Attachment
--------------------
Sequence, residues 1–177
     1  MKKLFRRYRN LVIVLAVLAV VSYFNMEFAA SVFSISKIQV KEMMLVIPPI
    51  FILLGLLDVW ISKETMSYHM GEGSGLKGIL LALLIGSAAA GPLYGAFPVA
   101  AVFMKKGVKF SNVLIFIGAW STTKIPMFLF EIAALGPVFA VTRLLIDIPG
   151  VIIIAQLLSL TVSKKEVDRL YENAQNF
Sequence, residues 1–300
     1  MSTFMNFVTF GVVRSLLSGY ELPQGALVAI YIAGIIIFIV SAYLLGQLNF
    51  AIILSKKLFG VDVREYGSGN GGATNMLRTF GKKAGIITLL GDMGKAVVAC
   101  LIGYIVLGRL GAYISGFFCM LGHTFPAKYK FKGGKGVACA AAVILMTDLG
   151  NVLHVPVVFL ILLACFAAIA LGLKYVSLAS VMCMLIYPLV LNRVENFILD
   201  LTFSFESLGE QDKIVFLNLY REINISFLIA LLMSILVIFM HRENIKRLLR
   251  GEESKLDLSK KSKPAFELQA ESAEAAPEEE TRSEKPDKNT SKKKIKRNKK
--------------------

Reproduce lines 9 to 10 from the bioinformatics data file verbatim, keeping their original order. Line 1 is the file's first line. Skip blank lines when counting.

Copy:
   101  LIGYIVLGRL GAYISGFFCM LGHTFPAKYK FKGGKGVACA AAVILMTDLG
   151  NVLHVPVVFL ILLACFAAIA LGLKYVSLAS VMCMLIYPLV LNRVENFILD